My decision to issue progress reports has been a long time in coming. As a younger teacher, my standard phrase was, “Oh, I don’t mind if we’re progressing slowly as long as some kind of forward progress is being made and the student is enjoying piano.” I was reluctant to create a list of minimum standards that students would be required to meet. Now, I’ve come to realize a number of things. Without some definition of what reasonable forward progress actually consists of, some students will progress at the slowest speed they can get away with. Without a definition of reasonable progress, parents may not realize that most average beginners don’t require 2 full school years to complete a Primer level lesson book. With no definition of minimum standards of achievement for a particular year of study, parents have no way to evaluate whether or not the teacher is doing a good job. I believe that parents have a right to know whether or not their child is doing appropriate work for their number of years of study.
Now, on the other hand, I do believe that one of the great things about private instruction is that it can be individualized. I don't teach students younger than first grade, but if I did, I'd need a special progress report for the younger beginner. If I have a traditional student who is truly giving her best effort to piano study but is just not capable of meeting the requirements I’ve listed as my minimum standards, I’ll create a special progress report just for her that displays the many skills she has achieved and a small number of skills that are emerging that we should work at. Even so, I believe in complete transparency with the parent. I might say, “I’m using a special progress report that I’ve created just for Susie that reflects what I expect of her, based on her capabilities.” That’s really all that needs to be said, but it lets the parent know that perhaps Susie’s capabilities are different from the average student. I really feel that the parent has a right to hear an honest assessment from the musical expert that they are paying to teach their child, and the truth is that in most cases, the parent already knows that the child's capability is different. If I seem to be avoiding or hiding the situation, what message does that carry? I actually believe that being honest about the fact that I have individualized her progress report is a better tool for showing how much I value her as a student than is giving false impressions. On the other hand, if a capable student is not meeting my minimum standards because of lack of effort, that’s a different matter. I use my standard progress report and score it honestly, and it serves as a big help in showing the parents what’s not being done.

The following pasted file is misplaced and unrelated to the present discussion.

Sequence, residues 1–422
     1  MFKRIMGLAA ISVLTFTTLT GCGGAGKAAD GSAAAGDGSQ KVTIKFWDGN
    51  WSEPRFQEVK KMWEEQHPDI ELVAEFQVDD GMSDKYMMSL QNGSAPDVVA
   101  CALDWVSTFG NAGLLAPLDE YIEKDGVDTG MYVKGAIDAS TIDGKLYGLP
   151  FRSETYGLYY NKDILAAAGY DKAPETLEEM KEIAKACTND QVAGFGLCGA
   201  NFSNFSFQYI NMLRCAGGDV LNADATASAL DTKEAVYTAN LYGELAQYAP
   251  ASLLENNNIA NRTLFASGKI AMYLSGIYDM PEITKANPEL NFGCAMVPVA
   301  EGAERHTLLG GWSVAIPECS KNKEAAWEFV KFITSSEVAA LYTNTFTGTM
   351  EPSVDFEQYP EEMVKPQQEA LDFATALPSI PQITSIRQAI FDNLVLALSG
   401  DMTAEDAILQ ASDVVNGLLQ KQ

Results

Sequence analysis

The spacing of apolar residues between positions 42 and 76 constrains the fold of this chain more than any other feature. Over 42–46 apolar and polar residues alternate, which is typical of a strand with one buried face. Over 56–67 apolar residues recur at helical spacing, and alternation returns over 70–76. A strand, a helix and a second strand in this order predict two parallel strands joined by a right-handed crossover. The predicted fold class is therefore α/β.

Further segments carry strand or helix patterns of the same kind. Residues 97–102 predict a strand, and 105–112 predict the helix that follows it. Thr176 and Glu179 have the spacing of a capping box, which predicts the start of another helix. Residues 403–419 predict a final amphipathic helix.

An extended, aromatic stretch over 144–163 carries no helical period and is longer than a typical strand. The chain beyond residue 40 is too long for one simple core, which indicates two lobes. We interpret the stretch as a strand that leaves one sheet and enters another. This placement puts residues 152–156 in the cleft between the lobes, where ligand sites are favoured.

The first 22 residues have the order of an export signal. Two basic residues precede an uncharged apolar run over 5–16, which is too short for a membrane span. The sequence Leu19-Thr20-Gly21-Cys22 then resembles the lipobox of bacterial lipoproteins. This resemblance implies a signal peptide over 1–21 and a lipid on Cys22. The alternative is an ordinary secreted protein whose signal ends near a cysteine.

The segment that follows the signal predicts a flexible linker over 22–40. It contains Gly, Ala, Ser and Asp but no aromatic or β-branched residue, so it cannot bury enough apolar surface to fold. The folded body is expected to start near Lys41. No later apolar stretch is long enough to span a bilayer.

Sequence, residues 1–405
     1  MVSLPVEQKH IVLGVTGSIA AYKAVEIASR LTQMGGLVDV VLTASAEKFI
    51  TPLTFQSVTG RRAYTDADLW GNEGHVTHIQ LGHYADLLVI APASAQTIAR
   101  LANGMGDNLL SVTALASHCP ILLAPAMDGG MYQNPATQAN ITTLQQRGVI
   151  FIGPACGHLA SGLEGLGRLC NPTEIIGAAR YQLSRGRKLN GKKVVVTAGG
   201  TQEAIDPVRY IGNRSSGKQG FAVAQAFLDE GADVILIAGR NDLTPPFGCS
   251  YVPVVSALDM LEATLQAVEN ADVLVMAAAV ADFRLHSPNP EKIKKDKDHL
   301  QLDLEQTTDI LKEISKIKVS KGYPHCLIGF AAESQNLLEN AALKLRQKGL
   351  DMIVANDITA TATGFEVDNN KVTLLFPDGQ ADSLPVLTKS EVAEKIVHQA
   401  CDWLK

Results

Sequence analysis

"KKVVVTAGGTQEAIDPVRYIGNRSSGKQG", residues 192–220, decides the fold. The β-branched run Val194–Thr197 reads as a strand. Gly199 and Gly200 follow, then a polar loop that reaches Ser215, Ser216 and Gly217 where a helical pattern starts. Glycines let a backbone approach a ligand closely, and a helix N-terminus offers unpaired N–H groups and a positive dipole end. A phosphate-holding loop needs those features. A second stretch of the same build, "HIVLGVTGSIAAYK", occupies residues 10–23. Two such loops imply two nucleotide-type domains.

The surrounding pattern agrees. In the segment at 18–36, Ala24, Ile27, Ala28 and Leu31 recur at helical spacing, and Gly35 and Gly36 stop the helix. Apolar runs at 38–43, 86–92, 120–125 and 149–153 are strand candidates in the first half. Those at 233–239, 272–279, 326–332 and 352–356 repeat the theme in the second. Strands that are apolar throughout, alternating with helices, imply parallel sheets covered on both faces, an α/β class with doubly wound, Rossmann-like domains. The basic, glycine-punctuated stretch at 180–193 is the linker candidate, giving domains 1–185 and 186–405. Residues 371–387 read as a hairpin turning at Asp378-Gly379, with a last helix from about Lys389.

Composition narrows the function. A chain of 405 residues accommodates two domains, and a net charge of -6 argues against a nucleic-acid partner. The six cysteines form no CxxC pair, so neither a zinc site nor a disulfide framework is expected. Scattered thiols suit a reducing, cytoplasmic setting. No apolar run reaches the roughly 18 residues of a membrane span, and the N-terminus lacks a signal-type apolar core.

Providing progress reports is also a great means of educating parents about the value of piano study. I’ll write more about that tomorrow.
In the meantime, you can view my Level A and Level B progress reports here, or for that matter, print them off and use them yourself. I’d love to hear feedback from other teachers about them!Piano Progress Reports